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New contract for doctors

(12 Posts)
ElizabethBridget Fri 01-Apr-16 10:35:27

This is a quote from the proposed new contract for doctors in England (who are not yet consultants or GPs)

"Any indirect adverse effect on women is a proportionate means of achieving a legitimate aim. Whilst this may disadvantage lone parents (who are disproportionately female) due to the increased cost of paid childcare in the evenings and weekend, in some cases this may actually benefit other women, for example where individuals have partners, it may be easier to make informal, unpaid childcare arrangements in the evenings and weekends than it is during the week due to the increased availability of partners and wider family networks at weekends and in the evenings"

Thoughts please

vesuvia Fri 01-Apr-16 11:43:44

Your quote seemed to me to be a very odd thing to come from an employment contract. Therefore, I googled it and found it as point 83 in a document called "Equality Analysis on the new contract for doctors and dentists in training in the NHS" produced by the UK Ministry of Health in March 2016.This seems to explain its opinionated tone, which would have been inappropriate in the actual employment contract.
The analysis document can be found at

VestalVirgin Fri 01-Apr-16 12:02:38

But this meant seriously? Like, not the sarcastic voice of a feminist explaining just how much men hate women, but something someone (presumably male) has written thinking it to be a good idea?


NoBadassMcGee Fri 01-Apr-16 12:10:42

Nauseating. Infuriating. Feel like throwing a hairy pulling feet stomping tantrum. We are going backwards.

hibbleddible Thu 07-Apr-16 03:49:14

I came here to see if the new contract was under discussion, as it is discriminatory towards females (as well as the disabled and carers).

It discriminates against those who work less than full time due to having children, by paying them a lower hourly rate than their full time colleagues, and removing automatic pay progression.

It also discriminates against parents by having an increased amount of antisocial hours for reduced pay, but says that women can find informal, free childcare. (Which is not an option for many). It also pays an hourly rate for non-resident on call of £2.80 an hour. Finding childcare to cover this (at weekends/evenings will cost considerably more).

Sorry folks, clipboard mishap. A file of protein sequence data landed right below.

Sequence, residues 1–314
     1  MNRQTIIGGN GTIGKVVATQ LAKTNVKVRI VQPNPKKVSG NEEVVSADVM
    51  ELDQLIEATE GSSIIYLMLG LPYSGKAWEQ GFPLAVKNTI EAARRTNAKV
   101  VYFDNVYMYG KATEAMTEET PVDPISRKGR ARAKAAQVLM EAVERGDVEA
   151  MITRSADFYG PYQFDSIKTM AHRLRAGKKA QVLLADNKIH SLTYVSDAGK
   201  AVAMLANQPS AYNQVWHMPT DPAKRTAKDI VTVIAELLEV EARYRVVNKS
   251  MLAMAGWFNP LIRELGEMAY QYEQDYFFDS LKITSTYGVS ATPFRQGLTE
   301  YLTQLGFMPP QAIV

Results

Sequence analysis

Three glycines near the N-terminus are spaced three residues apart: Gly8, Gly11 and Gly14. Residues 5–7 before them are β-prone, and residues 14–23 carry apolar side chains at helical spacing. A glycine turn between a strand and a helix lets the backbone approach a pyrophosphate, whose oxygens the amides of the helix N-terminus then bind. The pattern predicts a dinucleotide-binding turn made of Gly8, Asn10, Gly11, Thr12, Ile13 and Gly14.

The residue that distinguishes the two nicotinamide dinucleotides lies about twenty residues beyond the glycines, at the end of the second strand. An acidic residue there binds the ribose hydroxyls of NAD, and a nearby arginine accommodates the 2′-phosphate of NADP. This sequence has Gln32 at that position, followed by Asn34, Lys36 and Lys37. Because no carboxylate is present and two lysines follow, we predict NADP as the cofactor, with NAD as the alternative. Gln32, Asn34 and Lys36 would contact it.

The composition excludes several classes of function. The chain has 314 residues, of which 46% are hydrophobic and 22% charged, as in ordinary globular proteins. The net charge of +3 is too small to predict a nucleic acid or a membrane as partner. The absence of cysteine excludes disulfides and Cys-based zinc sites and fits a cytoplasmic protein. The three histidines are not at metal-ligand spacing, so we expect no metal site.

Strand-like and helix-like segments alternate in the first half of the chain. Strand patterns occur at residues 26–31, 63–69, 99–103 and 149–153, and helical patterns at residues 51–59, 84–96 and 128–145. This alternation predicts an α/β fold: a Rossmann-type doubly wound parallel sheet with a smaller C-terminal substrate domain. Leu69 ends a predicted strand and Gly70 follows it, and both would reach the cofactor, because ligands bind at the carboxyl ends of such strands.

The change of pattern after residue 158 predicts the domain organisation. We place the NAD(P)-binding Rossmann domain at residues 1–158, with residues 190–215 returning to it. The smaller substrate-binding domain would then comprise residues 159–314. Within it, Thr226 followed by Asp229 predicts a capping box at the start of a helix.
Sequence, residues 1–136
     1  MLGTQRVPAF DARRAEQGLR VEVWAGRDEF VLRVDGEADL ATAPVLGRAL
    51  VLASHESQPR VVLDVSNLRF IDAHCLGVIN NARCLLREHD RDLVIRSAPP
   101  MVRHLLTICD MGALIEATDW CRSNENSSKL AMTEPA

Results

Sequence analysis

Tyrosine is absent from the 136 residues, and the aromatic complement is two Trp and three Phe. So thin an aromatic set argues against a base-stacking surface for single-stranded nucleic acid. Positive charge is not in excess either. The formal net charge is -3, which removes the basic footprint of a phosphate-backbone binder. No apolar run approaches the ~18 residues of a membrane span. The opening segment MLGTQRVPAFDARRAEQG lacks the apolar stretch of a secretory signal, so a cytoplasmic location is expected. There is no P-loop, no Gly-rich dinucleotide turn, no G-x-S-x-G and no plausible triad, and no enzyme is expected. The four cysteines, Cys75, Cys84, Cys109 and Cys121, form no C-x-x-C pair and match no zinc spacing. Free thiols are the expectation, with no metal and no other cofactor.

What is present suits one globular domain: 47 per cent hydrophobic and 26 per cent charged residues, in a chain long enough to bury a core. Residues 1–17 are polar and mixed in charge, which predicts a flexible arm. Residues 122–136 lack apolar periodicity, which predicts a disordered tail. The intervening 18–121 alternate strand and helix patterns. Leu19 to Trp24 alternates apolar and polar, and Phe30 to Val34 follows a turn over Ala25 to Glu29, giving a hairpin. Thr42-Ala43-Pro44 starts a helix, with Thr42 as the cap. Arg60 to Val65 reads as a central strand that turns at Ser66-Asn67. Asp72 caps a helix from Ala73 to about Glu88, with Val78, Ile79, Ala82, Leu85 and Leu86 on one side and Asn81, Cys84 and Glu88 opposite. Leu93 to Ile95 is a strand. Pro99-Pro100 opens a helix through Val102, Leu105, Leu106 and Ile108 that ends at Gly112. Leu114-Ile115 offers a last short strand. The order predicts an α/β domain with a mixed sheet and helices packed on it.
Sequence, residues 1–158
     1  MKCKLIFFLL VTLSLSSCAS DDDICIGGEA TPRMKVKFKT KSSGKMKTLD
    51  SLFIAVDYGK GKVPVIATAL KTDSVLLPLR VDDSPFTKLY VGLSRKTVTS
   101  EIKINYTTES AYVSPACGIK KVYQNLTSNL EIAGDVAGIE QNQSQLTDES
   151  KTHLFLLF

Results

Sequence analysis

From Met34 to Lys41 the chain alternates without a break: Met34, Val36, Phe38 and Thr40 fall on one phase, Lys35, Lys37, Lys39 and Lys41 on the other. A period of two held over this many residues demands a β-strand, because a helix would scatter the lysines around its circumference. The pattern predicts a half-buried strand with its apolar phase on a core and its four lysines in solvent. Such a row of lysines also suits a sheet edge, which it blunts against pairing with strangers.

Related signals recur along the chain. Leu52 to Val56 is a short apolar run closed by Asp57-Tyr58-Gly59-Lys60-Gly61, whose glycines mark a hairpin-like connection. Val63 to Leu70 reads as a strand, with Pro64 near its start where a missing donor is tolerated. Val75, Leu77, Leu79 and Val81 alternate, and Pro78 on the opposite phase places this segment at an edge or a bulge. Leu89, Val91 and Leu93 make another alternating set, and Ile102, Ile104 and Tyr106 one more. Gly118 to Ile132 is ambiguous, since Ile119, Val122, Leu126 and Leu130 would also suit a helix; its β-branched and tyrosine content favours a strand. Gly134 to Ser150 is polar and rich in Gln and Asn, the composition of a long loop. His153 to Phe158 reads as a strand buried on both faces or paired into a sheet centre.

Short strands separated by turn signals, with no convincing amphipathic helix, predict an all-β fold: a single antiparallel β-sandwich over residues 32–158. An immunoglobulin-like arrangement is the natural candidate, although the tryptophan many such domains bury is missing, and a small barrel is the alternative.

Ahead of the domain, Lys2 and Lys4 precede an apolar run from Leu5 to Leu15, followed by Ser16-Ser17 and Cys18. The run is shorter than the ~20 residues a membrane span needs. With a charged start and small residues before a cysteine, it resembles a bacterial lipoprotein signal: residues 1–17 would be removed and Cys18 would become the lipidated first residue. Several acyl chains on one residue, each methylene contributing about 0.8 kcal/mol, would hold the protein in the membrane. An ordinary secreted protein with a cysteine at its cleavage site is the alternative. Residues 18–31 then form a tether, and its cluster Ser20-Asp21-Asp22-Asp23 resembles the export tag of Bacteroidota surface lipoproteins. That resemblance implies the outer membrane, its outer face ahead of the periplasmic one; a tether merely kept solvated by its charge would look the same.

The contract also disproportionately affects the specialities with the highest proportions of women (Obstetrics & gyneacology and Paediatrics).

I'm surprised that not more is being made of this contract as a feminist issue, seeing as even the government's own equality analysis acknowledges it is discriminatory.

hibbleddible Thu 07-Apr-16 03:55:52

If this contract is implemented, the results will be:

1) Fewer women in medicine - a reversal of a previously positive trend of increasing women entering medicine
2) An increased gender pay gap - due to discrimination against women who have been on maternity leave, and who work less than full time
3) Women currently in medicine being forced to choose between being a parent and being a doctor.
4) Women experiencing worse medical care should they become sick - as Obstetrics and Gyneacology will be disproportionately hit, which is already resulting in recruitment problems.

I am surprised not more fuss is being made about this contract as a feminist issue.

FreshwaterSelkie Thu 07-Apr-16 06:52:24

It's appalling.

Still, at least this guy's not in charge. Or maybe he helped write it?

FreshwaterSelkie Thu 07-Apr-16 06:55:13

The dull thud that you hear while you're reading that is the sound of Roger Alford, Emiritus Reader in Economics resoundingly missing the point.

Is economics quite sexist, I wonder? I rather suspect it might be.

RomComPhooey Thu 07-Apr-16 07:10:00

That equality impact statement makes some thumping great assumptions about the availability of free wraparound childcare. What about couples who are both doctors or work unsocial hours/shifts? Or the fact that junior doctors often gave to move around for their training posts, so out of area & away from family or established social networks where that 'free' childcare might be an option? What if your parents are dead, too ill to do free childcare, work themselves or have retired overseas, so there are no grandparents? And din't even get me started on the equal pay thing! I heard on the radio they'd started crowd funding for the legal challenge - I'm feeling inclined towards making a donation. Shitbag Tories!

hibbleddible Thu 07-Apr-16 08:36:50

ROM Good points, but also grandparents may not want to spend their retirement providing free informal childcare, which is their choice.

It is extremely insulting to dock the pay and increase the hours of highly skilled employees in professional jobs, and justify that by saying women can use free informal childcare. I chose to become a mother, and I should be able to pay for formal childcare on my wage.

RomComPhooey Thu 07-Apr-16 19:19:29

That too, hibble - grandparents may not want to do regular childcare.

The whole proposal is such a spiteful little piece of oneupmanship. Part of me wonders if its actually a test run for contracting professional, well-organised staff out of the NHS to private providers, to gauge the level of resistance and public support.

hibbleddible Thu 07-Apr-16 20:45:45

I do wonder what their justification is ROM for treating women so appallingly. It seems like both the contract and equality assessment are both as discriminatory and inflammatory as possible.

Outside of junior doctors, where is the outrage that Britain's largest employer is enforcing a contract which openly discriminates against women?

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